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This 19th-century’s literary bad boy inspired writers and musicians like Jim Morrison, Bob Dylan, Patti Smith, and Jack Kerouac.

Arthur Rimbaud was a literary genius with a wild streak. His poetic symbolism and reckless behavior influenced the Surrealist movement and continues to inspire some of the world’s most prominent artists.

The second child of French army captain Frederic Rimbaud and wife Marie-Cathérine-Vitalie, Jean Nicolas Arthur Rimbaud was born on October 20, 1854, in Charleville, France. During his youth, Rimbaud excelled in school, where he studied Greek, Latin and French classics. After publishing his first poem at 15, Rimbaud attempted to run off to Paris but wound up in jail for hopping on the train without paying.

After his release, Rimbaud continued to pursue his literary career. Believing that poets must reject a conventional lifestyle to gain inspiration, the polite and neatly-dressed Rimbaud grew out his hair, dressed sloppily, and began to drink, steal, and offend most anyone who crossed his path.

Rimbaud falls in love

Rimbaud’s life took a dramatic twist when he fell in love with French poet Paul Verlaine. The two met after the 16-year-old poet wrote to the well-known Verlaine for advice. “Come, dear soul. We await you; we desire you,” Verlaine responded, sending Rimbaud a one-way ticket to Paris and inviting the young man to live in his home.

Photo Courtesy: [Henri Fantin-Latour/Wikipedia]
It wasn’t long before Verlaine left his wife and infant son to embark on a tempestuous love affair with the wild-haired teen. The two took off for London hoping their romance and literary careers would blossom. It wasn’t meant to be. Instead, the two lived in poverty and eventually wound up resenting each other.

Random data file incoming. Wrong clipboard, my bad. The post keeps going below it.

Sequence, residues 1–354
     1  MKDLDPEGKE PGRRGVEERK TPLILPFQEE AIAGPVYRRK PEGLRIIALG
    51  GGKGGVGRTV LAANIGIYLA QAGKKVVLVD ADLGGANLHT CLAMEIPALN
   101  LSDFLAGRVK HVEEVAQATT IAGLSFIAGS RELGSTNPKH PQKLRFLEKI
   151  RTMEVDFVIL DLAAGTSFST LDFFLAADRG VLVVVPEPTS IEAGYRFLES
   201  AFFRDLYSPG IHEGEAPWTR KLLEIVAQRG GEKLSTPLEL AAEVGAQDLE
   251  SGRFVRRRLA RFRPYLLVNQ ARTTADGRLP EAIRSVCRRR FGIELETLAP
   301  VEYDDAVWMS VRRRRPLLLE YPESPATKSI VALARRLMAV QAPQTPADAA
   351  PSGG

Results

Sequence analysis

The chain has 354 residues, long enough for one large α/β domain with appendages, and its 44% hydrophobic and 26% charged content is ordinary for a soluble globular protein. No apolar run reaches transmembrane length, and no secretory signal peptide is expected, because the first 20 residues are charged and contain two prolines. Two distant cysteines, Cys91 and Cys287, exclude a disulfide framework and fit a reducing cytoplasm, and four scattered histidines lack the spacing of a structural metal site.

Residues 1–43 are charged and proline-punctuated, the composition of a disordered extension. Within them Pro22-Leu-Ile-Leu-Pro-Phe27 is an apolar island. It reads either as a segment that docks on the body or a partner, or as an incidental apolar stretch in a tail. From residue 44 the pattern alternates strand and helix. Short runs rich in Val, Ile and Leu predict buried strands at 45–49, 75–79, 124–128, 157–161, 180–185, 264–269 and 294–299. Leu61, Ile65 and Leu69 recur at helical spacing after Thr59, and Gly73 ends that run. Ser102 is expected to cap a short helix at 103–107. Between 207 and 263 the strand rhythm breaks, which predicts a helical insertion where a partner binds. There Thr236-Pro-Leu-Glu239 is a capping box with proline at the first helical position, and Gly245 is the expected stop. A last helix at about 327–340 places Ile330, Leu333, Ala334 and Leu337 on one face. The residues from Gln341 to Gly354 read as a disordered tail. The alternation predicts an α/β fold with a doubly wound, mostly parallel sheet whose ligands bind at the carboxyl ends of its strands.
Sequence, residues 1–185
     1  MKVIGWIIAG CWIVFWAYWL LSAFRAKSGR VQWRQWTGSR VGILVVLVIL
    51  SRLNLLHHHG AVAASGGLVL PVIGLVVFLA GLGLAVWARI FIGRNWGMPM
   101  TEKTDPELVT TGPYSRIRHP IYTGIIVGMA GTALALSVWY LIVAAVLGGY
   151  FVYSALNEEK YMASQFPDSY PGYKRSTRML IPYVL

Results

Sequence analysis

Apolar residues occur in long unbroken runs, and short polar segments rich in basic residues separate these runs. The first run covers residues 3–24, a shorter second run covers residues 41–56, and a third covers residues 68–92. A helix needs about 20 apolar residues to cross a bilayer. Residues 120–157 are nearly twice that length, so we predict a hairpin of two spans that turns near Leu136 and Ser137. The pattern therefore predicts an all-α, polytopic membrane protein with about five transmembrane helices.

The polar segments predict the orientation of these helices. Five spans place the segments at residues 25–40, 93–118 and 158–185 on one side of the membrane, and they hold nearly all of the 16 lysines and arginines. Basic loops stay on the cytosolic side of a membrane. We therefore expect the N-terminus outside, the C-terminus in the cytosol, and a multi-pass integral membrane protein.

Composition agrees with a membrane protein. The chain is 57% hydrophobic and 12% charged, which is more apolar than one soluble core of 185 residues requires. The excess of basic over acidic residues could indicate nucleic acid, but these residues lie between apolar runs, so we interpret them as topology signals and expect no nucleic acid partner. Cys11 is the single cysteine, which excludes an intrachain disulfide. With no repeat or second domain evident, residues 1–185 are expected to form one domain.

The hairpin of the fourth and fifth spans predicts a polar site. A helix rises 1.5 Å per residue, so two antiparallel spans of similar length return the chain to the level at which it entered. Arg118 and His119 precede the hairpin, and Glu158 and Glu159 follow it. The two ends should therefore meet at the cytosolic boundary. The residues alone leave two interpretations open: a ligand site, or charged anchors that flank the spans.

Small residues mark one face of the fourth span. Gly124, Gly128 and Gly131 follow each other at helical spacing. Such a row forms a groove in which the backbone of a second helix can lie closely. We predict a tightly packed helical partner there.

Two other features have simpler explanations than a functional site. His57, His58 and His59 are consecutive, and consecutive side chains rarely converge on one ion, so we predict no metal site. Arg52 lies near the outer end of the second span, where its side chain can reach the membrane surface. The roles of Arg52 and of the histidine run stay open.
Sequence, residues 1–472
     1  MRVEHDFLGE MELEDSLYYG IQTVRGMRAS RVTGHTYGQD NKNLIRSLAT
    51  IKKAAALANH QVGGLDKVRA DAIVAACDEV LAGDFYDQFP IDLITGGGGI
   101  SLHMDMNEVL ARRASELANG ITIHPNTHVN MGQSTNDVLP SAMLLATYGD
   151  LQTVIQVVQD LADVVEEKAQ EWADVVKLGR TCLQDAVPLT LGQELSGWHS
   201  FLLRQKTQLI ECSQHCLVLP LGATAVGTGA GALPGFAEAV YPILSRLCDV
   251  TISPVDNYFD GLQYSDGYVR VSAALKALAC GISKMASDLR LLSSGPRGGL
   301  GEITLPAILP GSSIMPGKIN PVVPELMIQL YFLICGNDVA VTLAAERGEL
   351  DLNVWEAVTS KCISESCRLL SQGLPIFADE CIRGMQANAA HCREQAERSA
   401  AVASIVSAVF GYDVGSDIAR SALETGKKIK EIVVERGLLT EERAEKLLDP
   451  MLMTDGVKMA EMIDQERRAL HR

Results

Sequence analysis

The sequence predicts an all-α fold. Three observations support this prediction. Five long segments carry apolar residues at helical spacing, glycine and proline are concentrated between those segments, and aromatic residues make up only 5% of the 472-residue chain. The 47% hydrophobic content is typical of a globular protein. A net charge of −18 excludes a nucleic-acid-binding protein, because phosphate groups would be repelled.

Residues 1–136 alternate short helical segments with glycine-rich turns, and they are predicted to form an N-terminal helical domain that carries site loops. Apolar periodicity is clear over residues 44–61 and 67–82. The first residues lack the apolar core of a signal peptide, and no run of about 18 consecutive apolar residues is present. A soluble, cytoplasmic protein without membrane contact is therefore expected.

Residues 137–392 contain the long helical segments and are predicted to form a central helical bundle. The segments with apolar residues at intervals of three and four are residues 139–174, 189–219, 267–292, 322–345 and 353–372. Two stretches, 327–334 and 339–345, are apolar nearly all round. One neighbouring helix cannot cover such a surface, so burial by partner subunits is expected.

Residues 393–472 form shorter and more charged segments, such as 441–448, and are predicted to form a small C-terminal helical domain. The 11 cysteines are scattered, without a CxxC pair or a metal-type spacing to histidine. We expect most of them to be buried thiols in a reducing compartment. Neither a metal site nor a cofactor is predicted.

Rimbaud encounters passion and a pistol

Unfortunately, Verlaine and Rimbaud’s tempestuous relationship was fueled by liberal amounts of absinthe, opium, and hashish. In 1873, the two lovers quarreled when Verlaine announced that he was leaving Rimbaud. Rimbaud eventually tracked Verlaine down, pleading for him to change his mind. On July 10, the inebriated couple’s spat in a hotel room culminated in a near-fatal fight when Verlaine pulled out a pistol and shot Rimbaud in the wrist.

The persistent Rimbaud had the wound quickly bandaged so he could return to Verlaine. Fed up with Rimbaud’s incessant begging, the drug-addled Verlaine was arrested after pointing the pistol at his paramour while the two argued in the street. Verlaine was sentenced to two years of hard labor, where he wrote some of his most popular poetry. The dramatic ending of their relationship resulted in Rimbaud writing one of his most popular works, Une Saison en Enfer (“A Season in Hell”).

“The sufferings are enormous, but one must be strong, be born a poet, and I have recognized myself as a poet.” – Arthur Rimbaud

Rimbaud’s leaves Verlaine and poetry behind

Rimbaud moved on from Verlaine and continued to write until 1875 when at the age of 21, he abruptly ditched his writing career to globetrot and work as a merchant. He joined the Dutch Colonial Army in 1876 to get free passage to Java, then deserted. His footloose and fancy-free lifestyle took him to Ethiopia, Cyprus, and Yemen.

In February 1891 Rimbaud left Aden and returned to France, hoping to seek treatment for severe knee pain that had been misdiagnosed as arthritis. His leg was amputated that May, which later resulted in a diagnosis of cancer. He died that November at the age of 37.

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